Secretary-General leads UN outcry against attack on holy site in Iraq
“The Secretary-General was deeply shocked to learn of today's destructive attack on the holy Shrines of Imam Ali Al-Hadi and Imam Hassan Al-Askary in Samarra,” said his spokesperson Michele Montas in a statement.
Mr. Ban “strongly condemns this act, which was clearly aimed at provoking sectarian strife and undermining the peace and stability of Iraq,” she said.
The statement called on all Iraqis “to avoid succumbing to the vicious cycle of revenge and to exercise maximum restraint while demonstrating unity and resolve in the face of this terrible attack.” Mr. Ban also welcomed efforts by Iraqi political and religious leaders to calm the situation and to promote respect for human rights and the protection of religious sites.
He pledged that the UN “will continue to do everything possible to help the Iraqi people promote inter-communal dialogue and national reconciliation.”
Mr. Ban's statement came on the heels of a statement by his Special Representative for Iraq, Ashraf Qazi, who “condemned in the strongest terms possible the sacrilegious attack on the holy Shrines of Imam Ali Al-Hadi and Imam Hassan Al-Askary in Samarra.”
Calling the attack on the holy Shi'a shrines “atrocious,” he said it was a “horrendous, sinister and unspeakable crime whose perpetrators once again intended to inflame sectarian passions, destroy efforts aimed at national reconciliation and undermine any prospect of peace and stability in Iraq.”
Urging Iraqis to exercise maximum restraint and recalling May's “horrible attack on the Shrine of Abdul-Qader Al-Gilani Mosque in Baghdad,” a revered Sunni site, Mr. Qazi reaffirmed the UN's condemnation of the targeting of all places of worship.
He called on all Iraqis to “close ranks more than ever before and demonstrate unity and resolve in the face of this menace that threatens Iraq national fabric.” Doing so, he said, “will deny those behind such horrific acts the opportunity to undermine the ongoing efforts to consolidate peace and security in the country.”
Mr. Qazi also called on the Iraqi authorities to ensure that those responsible are brought to justice.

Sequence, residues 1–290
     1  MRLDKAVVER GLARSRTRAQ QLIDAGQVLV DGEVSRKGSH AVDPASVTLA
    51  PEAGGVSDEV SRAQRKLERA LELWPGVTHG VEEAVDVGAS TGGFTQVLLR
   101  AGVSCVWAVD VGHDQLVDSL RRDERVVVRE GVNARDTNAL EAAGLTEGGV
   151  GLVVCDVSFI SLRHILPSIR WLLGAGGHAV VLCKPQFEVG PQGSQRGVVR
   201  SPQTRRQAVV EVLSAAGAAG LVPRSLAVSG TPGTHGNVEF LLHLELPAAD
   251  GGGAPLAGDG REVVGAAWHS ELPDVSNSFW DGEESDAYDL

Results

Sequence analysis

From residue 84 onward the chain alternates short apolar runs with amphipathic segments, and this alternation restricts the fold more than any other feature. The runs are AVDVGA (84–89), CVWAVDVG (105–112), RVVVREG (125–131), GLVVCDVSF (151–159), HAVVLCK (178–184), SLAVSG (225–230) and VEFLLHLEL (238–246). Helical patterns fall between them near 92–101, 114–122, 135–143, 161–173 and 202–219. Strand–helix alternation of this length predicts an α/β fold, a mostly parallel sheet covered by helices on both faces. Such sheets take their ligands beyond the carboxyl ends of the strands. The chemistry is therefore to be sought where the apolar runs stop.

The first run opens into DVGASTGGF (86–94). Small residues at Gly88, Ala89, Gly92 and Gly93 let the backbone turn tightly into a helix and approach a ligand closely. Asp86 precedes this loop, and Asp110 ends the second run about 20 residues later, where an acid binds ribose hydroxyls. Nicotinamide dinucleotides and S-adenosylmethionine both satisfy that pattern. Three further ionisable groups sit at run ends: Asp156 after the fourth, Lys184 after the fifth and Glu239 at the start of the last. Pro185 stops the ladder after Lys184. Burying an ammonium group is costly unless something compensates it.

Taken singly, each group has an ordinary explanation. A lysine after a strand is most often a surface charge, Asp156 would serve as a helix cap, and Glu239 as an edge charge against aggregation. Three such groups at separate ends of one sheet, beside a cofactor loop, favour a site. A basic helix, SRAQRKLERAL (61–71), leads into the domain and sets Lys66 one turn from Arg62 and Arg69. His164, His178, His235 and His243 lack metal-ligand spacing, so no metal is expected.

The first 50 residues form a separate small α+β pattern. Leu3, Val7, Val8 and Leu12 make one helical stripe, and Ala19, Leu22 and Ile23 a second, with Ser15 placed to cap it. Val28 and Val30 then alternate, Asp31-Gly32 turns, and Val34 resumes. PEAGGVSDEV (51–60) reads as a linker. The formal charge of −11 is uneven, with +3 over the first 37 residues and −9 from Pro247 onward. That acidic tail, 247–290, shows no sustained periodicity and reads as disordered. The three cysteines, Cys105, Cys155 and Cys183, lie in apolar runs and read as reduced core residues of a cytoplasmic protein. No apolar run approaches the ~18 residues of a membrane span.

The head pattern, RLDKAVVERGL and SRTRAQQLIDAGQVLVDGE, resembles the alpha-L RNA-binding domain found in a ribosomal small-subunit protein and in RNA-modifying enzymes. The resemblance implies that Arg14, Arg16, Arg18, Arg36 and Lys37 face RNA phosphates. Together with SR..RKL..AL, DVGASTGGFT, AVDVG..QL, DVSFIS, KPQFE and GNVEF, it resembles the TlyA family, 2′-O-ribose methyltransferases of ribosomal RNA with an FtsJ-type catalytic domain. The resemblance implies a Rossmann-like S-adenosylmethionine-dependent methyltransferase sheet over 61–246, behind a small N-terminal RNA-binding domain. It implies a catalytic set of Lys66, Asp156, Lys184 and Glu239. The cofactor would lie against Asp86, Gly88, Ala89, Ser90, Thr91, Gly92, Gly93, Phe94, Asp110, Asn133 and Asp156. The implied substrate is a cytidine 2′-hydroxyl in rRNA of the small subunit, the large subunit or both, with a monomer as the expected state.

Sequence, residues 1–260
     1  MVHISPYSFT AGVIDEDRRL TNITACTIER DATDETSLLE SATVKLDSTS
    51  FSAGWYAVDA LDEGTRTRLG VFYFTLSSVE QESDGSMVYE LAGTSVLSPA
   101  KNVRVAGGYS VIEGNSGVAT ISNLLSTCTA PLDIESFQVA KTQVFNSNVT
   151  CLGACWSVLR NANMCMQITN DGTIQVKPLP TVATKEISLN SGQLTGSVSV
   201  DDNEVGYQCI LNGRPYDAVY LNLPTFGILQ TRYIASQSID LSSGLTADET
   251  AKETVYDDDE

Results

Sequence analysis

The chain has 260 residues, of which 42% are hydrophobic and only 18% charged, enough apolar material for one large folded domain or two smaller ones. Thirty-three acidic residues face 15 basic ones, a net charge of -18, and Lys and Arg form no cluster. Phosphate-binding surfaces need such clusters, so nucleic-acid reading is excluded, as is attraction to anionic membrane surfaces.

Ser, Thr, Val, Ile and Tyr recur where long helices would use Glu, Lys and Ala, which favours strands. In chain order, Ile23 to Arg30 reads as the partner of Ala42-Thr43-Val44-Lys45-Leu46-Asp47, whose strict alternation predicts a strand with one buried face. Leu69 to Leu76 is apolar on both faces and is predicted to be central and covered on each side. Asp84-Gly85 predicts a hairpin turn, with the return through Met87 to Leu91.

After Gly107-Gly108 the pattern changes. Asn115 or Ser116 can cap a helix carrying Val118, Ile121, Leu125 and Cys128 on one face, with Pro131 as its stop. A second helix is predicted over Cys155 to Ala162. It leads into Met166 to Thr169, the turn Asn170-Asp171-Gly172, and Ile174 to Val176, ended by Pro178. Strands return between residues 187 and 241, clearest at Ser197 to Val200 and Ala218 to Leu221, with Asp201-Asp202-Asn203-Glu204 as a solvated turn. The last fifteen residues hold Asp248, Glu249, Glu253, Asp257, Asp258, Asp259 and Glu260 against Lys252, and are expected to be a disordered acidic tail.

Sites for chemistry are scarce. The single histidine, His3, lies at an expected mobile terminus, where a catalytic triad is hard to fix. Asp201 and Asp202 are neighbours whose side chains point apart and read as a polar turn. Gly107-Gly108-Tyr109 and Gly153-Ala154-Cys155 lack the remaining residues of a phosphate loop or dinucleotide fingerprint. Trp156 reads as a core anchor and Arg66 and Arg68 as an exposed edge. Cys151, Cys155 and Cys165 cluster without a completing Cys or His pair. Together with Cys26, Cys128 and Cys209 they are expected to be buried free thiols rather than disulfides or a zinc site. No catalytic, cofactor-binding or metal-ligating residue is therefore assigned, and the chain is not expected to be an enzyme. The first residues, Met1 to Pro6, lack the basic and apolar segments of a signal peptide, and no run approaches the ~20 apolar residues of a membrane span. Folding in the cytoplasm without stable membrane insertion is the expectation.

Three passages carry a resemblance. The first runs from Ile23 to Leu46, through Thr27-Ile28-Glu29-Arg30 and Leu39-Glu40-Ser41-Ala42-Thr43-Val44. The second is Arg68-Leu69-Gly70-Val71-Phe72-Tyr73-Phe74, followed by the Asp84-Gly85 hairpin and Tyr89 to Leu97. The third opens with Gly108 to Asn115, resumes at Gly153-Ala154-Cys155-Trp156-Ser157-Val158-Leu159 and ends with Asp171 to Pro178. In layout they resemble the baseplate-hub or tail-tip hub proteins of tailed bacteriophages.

According to the UN High Commissioner for Refugees (UNHCR), more than 730,000 Iraqis have been forced to flee their homes since the al-Askary shrine in Samarra was bombed last February.
Members of the Security Council issued a press statement condemning “in the strongest terms today's abhorrent attack on the holy shrines of Imam Ali al-Hadi and Imam Hassan al-Askari in Samarra” and calling on all Iraqis to “reject this provocation.”
The statement also encouraged continued and robust UN assistance in support of the Iraqi people and Government. To this end, Council members welcomed planning for the construction of a new UN Assistance Mission in Iraq (UNAMI) compound in Baghdad.
The press statement was released following a meeting of the Council, which was briefed by Mr. Qazi, who said the Samarra bombing “can only add to our concerns” about Iraq.
Addressing an open session that saw the participation of over a dozen countries, the envoy said the Council is “uniquely placed” to support efforts to foster reconciliation in Iraq with the participation of the country's neighbours and the wider world.
“The international community cannot allow itself to become a spectator of the unfolding crisis in Iraq, if only because of the unconscionable human cost involved,” he stressed. “The international community not only has a vital security stake in the stability of Iraq, it also has an inescapable moral obligation” to help.
Mr. Qazi warned that if the political and security situation in Iraq is not improved over the coming months, “there is a danger that its several crises may escalate further.”
The Special Representative said the support of the UN, Council members and the Iraqi Government “has the potential to effectively assist and develop national dialogue and reconciliation processes, regional cooperation on Iraq, and international support.”
The Secretary-General, speaking to reporters following his monthly luncheon with Council members, said the UN has a plan to increase its presence in the country when circumstances permit.
“This is a priority issue, to see the early resolution as well as restoration of peace and security and democratization in Iraq,” he said. “This is a common effort of the international community.”